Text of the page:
When I read the blurb on the back of the book, I was very impressed by the basic plot outline, which promised an intensely emotional and gripping read. A middle-class American couple have a fight over money, both storm off the next day leaving their partner to look after their two boys without realising the other has already left. The Mexican maid is left to pick up the pieces, takes them off on a wild goose chase to find the grandfather into some of the seedier parts of town and ends up in hot water with the authorities for putting the boys in danger and for being an illegal immigrant when the shame-faced parents realise what has happened and lie to save face.
The description of the Torres-Thompson household spiralling into chaos and violence as their American dreams start to go sour is fascinating and thought-provoking but somehow it didn't have the emotional impact I was expecting. Maybe it's because I found all of the characters irritating at some level - Maureen for her superficiality and wastefulness with her husband's money; Scott for his ambiguous relationship with his colleague and inability to take control of things before it all got out of control ; Araceli the maid for her surliness; the boys for their intellectual precocity and superiority. At times, I just felt like banging their heads together and saying they were all as bad as each other and deserved whatever they got !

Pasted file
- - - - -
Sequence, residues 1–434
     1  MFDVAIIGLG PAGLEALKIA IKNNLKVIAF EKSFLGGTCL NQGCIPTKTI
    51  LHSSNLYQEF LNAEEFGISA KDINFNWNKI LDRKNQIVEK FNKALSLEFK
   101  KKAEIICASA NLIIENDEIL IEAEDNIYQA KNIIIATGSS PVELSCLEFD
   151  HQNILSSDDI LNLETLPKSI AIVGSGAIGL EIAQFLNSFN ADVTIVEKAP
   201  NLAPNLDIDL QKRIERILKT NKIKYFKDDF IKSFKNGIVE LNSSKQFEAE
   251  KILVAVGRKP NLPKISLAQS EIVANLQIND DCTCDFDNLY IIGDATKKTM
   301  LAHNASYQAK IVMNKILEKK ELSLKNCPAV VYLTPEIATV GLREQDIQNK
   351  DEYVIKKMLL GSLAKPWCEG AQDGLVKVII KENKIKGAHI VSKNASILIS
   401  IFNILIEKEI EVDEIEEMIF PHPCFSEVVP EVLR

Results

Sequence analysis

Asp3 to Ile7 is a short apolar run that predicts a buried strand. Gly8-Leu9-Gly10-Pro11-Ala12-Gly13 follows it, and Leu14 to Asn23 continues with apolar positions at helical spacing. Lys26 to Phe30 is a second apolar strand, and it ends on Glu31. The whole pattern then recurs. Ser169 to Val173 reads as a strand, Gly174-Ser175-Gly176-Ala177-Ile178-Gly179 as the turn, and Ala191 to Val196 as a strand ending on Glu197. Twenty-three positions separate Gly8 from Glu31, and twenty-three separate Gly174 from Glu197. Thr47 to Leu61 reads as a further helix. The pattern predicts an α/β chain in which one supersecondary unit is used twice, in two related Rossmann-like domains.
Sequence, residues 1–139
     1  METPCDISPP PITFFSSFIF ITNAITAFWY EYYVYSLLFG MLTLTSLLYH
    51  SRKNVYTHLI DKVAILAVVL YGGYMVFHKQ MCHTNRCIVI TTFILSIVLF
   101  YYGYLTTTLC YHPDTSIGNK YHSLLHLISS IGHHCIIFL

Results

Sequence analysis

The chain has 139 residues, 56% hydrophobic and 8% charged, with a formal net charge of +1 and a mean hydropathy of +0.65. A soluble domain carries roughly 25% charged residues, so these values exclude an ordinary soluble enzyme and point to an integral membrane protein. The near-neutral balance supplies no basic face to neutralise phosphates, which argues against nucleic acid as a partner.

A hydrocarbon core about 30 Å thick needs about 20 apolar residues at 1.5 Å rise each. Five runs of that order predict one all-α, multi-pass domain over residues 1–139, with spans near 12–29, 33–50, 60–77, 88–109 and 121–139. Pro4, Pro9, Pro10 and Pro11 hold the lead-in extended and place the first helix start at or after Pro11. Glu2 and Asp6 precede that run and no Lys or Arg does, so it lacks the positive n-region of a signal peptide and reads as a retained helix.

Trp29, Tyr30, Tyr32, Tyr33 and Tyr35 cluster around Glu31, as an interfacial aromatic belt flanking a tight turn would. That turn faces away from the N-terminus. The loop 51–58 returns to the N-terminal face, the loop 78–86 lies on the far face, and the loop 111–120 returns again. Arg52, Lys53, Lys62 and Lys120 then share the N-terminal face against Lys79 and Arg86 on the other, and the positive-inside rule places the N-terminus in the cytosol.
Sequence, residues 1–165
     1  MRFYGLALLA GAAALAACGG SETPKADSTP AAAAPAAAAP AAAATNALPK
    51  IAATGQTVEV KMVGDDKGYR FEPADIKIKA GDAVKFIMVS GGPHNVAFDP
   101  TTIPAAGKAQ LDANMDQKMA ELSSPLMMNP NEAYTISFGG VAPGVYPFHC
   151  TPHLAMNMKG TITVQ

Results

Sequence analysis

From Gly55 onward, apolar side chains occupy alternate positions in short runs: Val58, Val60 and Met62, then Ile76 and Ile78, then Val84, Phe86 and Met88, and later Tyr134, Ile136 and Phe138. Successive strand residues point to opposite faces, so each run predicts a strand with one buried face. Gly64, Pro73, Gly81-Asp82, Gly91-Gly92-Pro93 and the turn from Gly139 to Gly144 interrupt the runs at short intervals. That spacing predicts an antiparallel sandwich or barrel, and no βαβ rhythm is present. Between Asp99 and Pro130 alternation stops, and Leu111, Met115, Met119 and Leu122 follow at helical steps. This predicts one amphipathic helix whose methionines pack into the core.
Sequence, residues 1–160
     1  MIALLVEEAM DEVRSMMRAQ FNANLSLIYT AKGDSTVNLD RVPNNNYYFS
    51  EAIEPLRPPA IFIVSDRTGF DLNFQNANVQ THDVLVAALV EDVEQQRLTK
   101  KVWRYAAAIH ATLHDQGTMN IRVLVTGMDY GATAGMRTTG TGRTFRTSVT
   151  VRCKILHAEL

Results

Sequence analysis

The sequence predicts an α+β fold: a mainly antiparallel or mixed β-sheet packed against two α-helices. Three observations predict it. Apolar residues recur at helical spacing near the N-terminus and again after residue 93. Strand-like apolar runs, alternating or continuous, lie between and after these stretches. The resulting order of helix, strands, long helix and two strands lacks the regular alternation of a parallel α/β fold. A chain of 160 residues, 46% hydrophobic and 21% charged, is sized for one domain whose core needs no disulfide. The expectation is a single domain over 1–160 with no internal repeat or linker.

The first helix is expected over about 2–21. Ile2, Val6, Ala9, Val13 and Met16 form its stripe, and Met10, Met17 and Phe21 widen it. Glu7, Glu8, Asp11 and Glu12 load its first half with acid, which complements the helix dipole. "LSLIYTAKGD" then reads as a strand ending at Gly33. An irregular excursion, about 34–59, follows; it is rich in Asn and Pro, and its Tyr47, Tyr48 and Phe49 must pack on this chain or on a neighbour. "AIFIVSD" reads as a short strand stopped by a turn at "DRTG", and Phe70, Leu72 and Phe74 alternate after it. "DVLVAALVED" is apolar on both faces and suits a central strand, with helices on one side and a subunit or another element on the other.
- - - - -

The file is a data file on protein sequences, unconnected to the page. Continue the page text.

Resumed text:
Another factor that detracted slightly from my enjoyment was that it seemed to get more deeply involved in the outer turmoil (the court case, the racial tension and unrest in the neighbourhood) rather than the inner turmoil. As a mum and teacher, I could relate to both female charcaters, the mum, tearing her hair out when she realises that her children are missing and that it is largely her own fault, and Araceli, the reluctant guardian, trying to make the best of a bad job but digging herself deeper and deeper into a hole. The intense emotions that the situation would have provoked could have been described in much more detail as, for me, this is what gives the narrative such impact.
It was an interesting read, both watching the couple's supposedly perfect family life decaying faster than their stupidly expensive exotic garden but also for the glimpses it gives into the plight of Mexican workers in California. The vivid descriptions of the poor neighbourhoods that Araceli and the boys cross are also fascinating, as it is a side of California that we rarely see.
I found that the ending was an anticlimax and left me wishing that the personal stories and inner dramas of the characters, in particular the two women, had been more deeply developed.
star rating : 4/5
RRP : £12.99
Paperback: 422 pages
Publisher: Hodder Export (29 Sep 2011)
Product Dimensions: 23.1 x 15.2 x 3.3 cm
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